September 23,2004

Statement of U.S. Senator Max Baucus Regarding Passage of Middle Class Tax Cut Extensions

(WASHINGTON, D.C.) On Thursday evening, the House and the Senate passed the conference report, H.R. 1308, which will extend numerous individual tax cuts to millions of middle-income Americans set to expire in 2005. U.S. Senator Max Baucus, ranking member of the Senate Finance Committee, praised the tax cuts, but raised concerns about the nation’s rising deficit.

“Extending these tax cuts will ease the financial burden many families face when trying to make ends meet,” Baucus said. “I support these tax cuts for millions of hard-working American families, but our nation’s deficit continues to rise at an alarming rate. Congress must renew its resolve to address the budget failure that threatens our nation.”

Senator Baucus’ floor speech follows:

“Mr. President, I am pleased to be a part of this effort to provide significant tax relief to America’s working families. I want to thank my good friend and Colleague, Chairman Chuck Grassley. He worked hard to conduct an open and transparent conference. At times, it was difficult. But because of his fairness and courtesy, Senator Lincoln and I were able to present ideas and amendments in an effort to better the legislation.

This bill will provide meaningful tax relief. It will benefit millions of middle-income Americans. This bill is largely made up of extensions of provisions for which I and many of our Colleagues worked hard when Congress enacted them in the first place. And the package we consider today is far better targeted than the package that Congress enacted last year. The package that we consider today includes provisions that are important to everyday people in Montana.

But that is not to say that this legislation is perfect. Unfortunately, it has some significant shortcomings. The legislation that the Senate passed to begin this conference provided refundable child tax credits for low-income working families. This was a 3-or-4 billion dollar problem. And last June, the Senate responded responsibly. This week, 15 months later, the conference committee has produced a $150 billion solution for that $3 billion problem. And the conference committee chose not to pay for that $150 billion.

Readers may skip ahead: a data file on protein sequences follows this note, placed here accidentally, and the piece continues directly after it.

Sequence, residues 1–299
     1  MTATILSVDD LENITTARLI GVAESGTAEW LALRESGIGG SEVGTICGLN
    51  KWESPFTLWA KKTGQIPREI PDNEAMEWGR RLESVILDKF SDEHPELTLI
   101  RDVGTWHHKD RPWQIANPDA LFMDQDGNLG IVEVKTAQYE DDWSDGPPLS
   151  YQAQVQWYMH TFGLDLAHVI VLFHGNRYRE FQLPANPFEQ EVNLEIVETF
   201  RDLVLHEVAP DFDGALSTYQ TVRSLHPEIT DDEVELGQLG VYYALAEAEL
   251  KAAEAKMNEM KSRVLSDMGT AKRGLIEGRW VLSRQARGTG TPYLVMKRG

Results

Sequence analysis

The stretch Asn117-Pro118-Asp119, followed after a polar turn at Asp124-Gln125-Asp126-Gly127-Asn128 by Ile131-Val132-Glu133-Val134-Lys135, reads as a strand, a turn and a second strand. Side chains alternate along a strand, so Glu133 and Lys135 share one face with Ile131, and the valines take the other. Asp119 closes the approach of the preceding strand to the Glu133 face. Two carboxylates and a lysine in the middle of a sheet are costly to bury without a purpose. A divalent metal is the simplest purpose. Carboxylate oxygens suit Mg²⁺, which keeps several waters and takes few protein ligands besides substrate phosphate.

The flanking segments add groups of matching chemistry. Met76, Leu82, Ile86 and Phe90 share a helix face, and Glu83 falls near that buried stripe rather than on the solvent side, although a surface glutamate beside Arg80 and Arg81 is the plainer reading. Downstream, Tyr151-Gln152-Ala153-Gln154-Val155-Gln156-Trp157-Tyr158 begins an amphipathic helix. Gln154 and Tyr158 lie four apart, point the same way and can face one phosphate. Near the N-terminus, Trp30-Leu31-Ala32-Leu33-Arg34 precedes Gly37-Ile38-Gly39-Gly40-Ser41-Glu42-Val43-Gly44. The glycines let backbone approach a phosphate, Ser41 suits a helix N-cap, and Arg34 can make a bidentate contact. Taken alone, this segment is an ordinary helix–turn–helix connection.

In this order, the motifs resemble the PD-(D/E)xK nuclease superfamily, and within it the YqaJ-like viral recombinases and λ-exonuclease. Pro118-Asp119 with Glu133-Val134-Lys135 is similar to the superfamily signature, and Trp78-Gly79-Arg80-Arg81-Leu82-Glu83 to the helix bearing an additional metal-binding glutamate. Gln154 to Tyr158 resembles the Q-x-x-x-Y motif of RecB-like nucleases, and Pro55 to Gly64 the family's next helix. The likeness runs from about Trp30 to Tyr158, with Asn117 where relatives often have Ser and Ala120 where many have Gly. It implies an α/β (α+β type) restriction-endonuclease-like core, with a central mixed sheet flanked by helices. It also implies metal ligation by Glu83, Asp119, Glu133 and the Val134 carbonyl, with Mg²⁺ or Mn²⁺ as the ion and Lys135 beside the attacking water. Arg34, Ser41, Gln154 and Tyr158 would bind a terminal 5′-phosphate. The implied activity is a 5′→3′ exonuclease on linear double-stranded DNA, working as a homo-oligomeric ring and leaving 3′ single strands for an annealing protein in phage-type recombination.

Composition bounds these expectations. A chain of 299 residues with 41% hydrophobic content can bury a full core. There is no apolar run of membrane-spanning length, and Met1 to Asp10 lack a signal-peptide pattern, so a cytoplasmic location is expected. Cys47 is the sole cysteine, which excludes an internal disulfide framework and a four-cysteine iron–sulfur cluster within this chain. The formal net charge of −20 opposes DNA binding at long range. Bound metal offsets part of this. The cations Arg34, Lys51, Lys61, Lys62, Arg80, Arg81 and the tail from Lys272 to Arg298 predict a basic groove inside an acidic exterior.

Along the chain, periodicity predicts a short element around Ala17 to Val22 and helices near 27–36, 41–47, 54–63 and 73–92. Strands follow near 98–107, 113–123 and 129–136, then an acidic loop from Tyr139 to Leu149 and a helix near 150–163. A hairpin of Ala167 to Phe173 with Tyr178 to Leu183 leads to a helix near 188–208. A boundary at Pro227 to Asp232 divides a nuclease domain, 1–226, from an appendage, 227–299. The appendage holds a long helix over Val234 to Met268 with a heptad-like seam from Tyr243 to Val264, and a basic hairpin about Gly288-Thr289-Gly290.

I am concerned that Congress appears incapable of enacting even reasonable tax cuts without worsening the deficit. Higher deficits will hurt the very families whom we set out tohelp. They are the ones acutely harmed by the higher interest rates that huge deficits cause. And it will be the children of middle-income American families who will pay for that deficit with higher taxes throughout their lifetimes.

And using this conference committee on a narrow, $3 billion problem to move a broad, $150 billion tax bill is an abuse of the Senate rules. Rule 28 on the scope of conference may still appear in the printed rule books. But this conference report makes clear that rule 28 is dead. The majority plainly observes it only in the breach.

Let me take a moment to recount the history of this bill. The reason for this bill all started last year when the 2003 tax bill left out additional child tax credit payments for most low-income families with children. Last year’s increase in the child tax credit left out fully one-quarter of Montana’s children. In the weeks that followed passage of that bill, Senators Lincoln and Snowe led efforts to provide relief for these hard-working families. Today, more than a year too late, we finally follow through on their efforts to provide additional child tax relief to those families who were left out.

Families who could only get a 10-percent refund can now get a 15-percent refund. We have accelerated the increased child credit in this bill.

The conference agreement makes another significant change benefiting families of military personnel serving in harm’s way. Under current law, pay earned by our military in a combat zone does not count for purposes of calculating the earned income tax credit or the child tax credit.